Workers in Italy have staged a nationwide strike to protest against the government’s economic policies including cuts to public services and labor reforms.
On Friday, the USB union called the 24-hour walkout that so far has disrupted train services and local transport in several cities across the country including the capital, Rome.
The demonstrations are to express discontent with a new labor reform package presented by the administration of Prime Minister Matteo Renzi.
Under the initiative, procedures in Italy’s labor system will be simplified with aims to boost employment.
The new measures will also reduce a variety of job contracts and layoff benefits.
Proponents have applauded the approach, saying companies hiring young workers on a full-time basis will benefit from lighter taxation and will have a better chance to dismiss workers.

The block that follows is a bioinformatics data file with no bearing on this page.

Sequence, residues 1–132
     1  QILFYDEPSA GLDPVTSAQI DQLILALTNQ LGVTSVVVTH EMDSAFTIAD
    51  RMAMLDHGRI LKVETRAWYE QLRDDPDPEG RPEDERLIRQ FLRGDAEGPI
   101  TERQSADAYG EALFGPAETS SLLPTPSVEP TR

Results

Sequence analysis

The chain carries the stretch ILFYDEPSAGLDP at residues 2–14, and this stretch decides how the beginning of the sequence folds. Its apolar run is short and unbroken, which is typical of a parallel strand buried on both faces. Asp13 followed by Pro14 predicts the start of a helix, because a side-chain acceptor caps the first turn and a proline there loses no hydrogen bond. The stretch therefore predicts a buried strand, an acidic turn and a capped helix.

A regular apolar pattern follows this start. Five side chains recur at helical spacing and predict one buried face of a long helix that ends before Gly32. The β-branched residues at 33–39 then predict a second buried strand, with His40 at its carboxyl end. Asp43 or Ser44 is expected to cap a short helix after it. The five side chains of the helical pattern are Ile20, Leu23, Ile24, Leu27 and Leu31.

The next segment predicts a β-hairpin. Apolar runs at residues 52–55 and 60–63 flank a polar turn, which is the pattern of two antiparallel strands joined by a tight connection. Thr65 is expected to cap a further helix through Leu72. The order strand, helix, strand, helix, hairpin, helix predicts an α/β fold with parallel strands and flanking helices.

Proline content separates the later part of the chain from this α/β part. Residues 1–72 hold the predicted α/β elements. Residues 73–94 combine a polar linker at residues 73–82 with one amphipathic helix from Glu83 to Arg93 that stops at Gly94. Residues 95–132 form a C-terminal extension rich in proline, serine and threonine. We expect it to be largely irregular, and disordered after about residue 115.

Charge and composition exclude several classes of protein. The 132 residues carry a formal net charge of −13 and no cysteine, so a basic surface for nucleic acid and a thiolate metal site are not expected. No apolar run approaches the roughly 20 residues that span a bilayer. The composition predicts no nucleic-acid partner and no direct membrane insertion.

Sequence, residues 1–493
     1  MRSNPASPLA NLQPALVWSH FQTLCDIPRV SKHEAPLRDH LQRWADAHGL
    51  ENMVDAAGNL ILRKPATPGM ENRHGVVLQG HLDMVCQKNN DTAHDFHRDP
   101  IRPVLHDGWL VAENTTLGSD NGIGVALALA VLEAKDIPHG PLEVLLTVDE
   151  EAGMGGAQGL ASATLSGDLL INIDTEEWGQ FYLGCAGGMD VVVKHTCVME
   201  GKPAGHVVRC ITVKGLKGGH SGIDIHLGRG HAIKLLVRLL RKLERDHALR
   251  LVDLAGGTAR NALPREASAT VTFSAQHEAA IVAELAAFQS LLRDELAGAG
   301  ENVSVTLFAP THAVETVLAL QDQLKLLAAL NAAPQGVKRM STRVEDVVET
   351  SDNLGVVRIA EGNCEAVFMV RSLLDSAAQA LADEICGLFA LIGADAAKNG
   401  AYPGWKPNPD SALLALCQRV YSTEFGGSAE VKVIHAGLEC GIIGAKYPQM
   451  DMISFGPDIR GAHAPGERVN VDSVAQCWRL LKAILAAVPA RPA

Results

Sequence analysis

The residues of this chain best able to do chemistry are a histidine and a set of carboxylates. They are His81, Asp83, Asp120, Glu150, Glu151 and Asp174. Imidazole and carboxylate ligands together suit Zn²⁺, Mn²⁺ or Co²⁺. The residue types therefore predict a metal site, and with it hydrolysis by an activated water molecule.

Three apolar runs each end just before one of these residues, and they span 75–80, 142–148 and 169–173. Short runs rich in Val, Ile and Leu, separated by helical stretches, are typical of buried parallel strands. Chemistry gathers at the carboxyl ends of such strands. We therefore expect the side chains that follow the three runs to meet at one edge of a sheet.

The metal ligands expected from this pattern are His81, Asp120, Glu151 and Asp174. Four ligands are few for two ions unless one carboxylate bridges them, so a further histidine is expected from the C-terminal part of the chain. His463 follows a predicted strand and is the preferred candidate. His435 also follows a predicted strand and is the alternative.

Meanwhile, opponents of the reform package say the move undermines the rights of the workers and fails to address the underlying causes of decades of economic stagnation.
Although official statistics indicate that the unemployment rate in Italy hovers over 12 percent, labor market experts insist that the situation is much more alarming.
Italy’s inactivity rate among those aged between 15 and 64 years has recently been recorded at nearly 40 percent.
Over the past decade, Italy has been the slowest growing economy in the eurozone as tough austerity measures, spending cuts, and pension changes have stirred serious concerns for many people already grappling with the European country’s ailing economy.
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